Solar Systems: Some Useful Terminology
compliments of Home Power Magazine and Tom Vineski, RV Lifestyles Ezine columnist
AMPERE (AMP; A, I): The rate of flow of electrical charge. Unit of electrical current. One volt across one ohm of resistance causes a current of one ampere. One ampere is equal to 6.235 x 10^18 electrons (one coulomb) per second passing a given point in a circuit.
AMPERE-HOUR (AMP-HOUR; AH): A measure of electron flow over time, used to measure battery capacity and state of charge. For example, a current of 1 amp drawn from a battery for 10 hours would result in 10 amp-hours of charge cycling through the battery.
BATTERY CAPACITY: The total maximum charge, expressed in ampere-hours, that can be withdrawn from a cell or battery under a specific set of operating conditions including discharge rate, temperature, state of charge, age, and cutoff voltage.
ALTERNATING CURRENT (AC): An electrical current in which the direction of electron flow reverses periodically, usually many times per second. Most U.S. household electrical systems use AC current rated at 120 volts and 60 cycles per second.
BATTERY CYCLE LIFE: The number of cycles, to a specified depth of discharge, that a cell or battery can undergo before failing to meet its specified capacity or efficiency performance criteria.
BATTERY LIFE: The period during which a cell or battery is capable of operating above a specified capacity or efficiency performance level. With lead-acid batteries, end-of-life is generally considered when a fully charged cell can deliver only 80 percent of its rated capacity. Beyond this state of aging, deterioration and loss of capacity begins to accelerate rapidly. Life may be measured in cycles or years, depending on the type of service for which the cell or battery is intended.
DC: Direct current. A one-way flow of electrons. Typical sources of direct current are solar-electric cells, rectifiers, and direct current generators. To be used for typical 120 volt or 220 volt household appliances, DC must be converted to AC (alternating current).
DIRECT CURRENT (DC): An electrical current that moves in one direction only.
PHOTOVOLTAIC ARRAY: A collection of solar modules connected in series, parallel, or series-parallel combination to provide greater voltage, current, or power than can be furnished by a single solar module. Solar-electric arrays can be designed to furnish any desired voltage, current, or power.
PHOTOVOLTAIC CELL: A device composed of specially prepared semiconductor material or material combinations exhibiting the ability to convert incident solar energy directly into electrical energy.
PHOTOVOLTAIC EFFECT: The phenomenon that occurs when photons, the particles in a beam of light, knock electrons loose from the atoms they strike. When this property of light is combined with the properties of semiconductors, electrons flow in one direction across a junction, setting up a voltage. With the addition of circuitry, electrons will flow and electrical energy will be available.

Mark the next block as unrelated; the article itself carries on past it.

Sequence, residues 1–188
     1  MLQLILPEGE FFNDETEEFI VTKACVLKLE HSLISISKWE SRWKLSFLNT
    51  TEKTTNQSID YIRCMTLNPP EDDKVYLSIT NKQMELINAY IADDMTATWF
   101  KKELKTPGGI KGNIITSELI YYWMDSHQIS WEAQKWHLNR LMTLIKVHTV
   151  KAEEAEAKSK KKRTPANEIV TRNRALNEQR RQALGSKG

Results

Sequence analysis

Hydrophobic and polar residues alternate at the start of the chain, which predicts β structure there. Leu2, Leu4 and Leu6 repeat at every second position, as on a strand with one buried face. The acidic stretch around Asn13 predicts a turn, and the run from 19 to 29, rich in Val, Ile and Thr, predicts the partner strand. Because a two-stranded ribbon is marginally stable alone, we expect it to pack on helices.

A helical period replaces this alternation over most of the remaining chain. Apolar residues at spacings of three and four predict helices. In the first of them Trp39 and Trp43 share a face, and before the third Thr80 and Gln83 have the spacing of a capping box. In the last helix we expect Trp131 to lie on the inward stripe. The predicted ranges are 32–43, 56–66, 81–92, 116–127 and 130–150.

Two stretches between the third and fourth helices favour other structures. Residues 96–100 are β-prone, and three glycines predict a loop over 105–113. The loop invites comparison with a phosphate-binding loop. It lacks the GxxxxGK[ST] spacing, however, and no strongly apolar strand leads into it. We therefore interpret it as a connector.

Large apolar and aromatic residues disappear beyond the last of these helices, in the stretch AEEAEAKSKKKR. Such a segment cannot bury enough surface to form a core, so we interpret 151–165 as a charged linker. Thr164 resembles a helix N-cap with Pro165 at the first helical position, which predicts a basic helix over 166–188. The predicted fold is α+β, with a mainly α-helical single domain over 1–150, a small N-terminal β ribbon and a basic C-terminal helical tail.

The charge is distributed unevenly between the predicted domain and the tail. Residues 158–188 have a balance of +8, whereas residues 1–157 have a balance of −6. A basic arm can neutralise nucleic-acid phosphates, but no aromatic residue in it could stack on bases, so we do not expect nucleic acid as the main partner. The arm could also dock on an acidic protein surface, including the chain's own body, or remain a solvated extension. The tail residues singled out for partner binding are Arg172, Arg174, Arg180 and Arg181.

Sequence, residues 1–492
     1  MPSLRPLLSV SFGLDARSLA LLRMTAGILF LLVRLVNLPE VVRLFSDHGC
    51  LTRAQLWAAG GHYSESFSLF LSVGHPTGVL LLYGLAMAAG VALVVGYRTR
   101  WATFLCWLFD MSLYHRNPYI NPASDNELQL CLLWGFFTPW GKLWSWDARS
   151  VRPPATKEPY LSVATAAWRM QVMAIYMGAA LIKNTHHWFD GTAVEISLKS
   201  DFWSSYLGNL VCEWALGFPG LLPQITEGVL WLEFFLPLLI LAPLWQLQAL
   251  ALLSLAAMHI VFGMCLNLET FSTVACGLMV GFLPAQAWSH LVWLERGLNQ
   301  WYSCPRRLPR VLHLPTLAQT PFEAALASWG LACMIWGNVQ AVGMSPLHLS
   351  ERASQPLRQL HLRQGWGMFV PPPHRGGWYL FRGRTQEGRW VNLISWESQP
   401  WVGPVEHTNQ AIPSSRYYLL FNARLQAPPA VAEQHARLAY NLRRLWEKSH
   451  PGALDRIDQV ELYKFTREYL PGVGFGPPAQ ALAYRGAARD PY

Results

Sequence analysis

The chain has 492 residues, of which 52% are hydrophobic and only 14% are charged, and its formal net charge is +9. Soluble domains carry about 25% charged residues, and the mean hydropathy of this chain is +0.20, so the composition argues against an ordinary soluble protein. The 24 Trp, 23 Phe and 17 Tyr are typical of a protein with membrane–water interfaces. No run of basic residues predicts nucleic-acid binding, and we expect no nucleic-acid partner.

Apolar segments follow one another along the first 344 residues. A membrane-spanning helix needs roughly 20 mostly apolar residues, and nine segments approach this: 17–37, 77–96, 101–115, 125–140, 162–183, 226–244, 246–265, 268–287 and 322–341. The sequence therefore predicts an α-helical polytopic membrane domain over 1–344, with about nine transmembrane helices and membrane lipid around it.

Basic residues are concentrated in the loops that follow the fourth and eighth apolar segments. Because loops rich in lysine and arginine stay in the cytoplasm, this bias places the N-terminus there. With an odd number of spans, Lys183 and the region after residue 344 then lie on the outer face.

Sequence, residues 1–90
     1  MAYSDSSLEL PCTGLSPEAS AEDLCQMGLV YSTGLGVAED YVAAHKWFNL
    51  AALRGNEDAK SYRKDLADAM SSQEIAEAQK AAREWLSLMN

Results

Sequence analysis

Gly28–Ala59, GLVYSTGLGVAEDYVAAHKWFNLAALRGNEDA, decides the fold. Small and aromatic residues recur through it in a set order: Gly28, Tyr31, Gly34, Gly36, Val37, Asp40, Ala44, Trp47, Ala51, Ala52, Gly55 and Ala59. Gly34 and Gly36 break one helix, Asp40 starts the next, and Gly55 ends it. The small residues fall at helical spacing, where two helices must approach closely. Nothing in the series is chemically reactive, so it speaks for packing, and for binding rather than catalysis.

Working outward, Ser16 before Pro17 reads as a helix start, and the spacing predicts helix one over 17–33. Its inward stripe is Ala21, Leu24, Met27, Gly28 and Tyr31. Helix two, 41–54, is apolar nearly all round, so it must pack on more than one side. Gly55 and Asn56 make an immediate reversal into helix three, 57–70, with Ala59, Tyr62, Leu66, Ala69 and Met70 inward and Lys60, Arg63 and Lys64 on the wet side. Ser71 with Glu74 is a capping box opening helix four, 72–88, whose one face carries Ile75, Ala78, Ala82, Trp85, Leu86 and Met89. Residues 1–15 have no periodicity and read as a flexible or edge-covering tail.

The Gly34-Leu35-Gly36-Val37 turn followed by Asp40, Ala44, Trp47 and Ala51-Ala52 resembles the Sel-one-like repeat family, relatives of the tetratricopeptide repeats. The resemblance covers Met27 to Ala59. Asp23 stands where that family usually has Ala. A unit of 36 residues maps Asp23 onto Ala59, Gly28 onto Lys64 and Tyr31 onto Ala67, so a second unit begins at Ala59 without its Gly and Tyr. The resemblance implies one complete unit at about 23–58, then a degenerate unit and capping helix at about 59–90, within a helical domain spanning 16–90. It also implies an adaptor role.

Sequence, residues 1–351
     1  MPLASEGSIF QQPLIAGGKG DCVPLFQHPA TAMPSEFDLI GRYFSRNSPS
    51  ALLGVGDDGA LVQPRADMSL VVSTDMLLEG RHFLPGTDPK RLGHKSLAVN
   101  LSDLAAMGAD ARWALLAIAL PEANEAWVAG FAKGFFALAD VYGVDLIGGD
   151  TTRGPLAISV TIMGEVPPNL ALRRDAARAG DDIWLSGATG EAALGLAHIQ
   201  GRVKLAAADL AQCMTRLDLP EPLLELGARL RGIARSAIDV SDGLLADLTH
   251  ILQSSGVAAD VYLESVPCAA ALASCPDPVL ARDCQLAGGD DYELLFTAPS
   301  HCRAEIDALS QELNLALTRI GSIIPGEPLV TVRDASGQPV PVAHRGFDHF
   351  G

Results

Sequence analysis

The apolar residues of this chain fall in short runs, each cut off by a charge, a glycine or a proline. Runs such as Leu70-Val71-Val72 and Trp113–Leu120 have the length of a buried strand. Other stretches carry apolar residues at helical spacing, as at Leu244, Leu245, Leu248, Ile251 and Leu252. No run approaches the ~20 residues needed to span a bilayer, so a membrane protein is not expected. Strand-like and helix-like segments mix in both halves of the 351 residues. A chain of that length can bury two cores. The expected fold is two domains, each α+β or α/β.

PHOTOVOLTAIC MODULE: A PV module consists of series and/or parallel wired cells typically made from layered silicon crystals that convert light energy to DC electricity. The number of modules in a given system varies depending on the combined load being powered.
VOLT (V): The volt is the unit used in the measurement of electromotive force (electrical “pressure”). A standard electrical definition of the volt is: an electromotive force of 1 volt is necessary to move a current of 1 ampere through a 1 Ω resistor. It is often also referred to as electrical potential difference or potential difference.
VOLTAGE: A measure of the force or "push" given the electrons in an electrical circuit; a measure of electrical potential. Analogy: pressure in a water pipe. AKA Potential.
VOLTAGE DROP: Loss of voltage (electrical pressure) caused by the resistance in wire and electrical devices. Proper wire sizing will minimize voltage drop, particularly over long distances. Voltage drop is determined by four factors: wire size, current (amps), voltage, and length of wire. Water analogy: friction loss in pipe.
VOLTAGE, PEAK POWER POINT (Vpp): The voltage at which a photovoltaic module or array generates at the highest power (watts). A “12 volt nominal” PV module will typically have a peak power voltage of around 17 volts. A PV array-direct solar pump should reach this voltage in full sun conditions. In a higher voltage array, it will be a multiple of this voltage.
WATT: Unit of power. Power is the rate of generating or using energy. One watt is the power developed or dissipated in a one volt circuit in which there is a current of one ampere (6.28 million million electrons per second). Watts = amps X volts.
WATT-HOUR: A unit of measurement quantifying an amount of energy used or generated. A load that consumes 1 watt for 10 hours uses 10 watt-hours.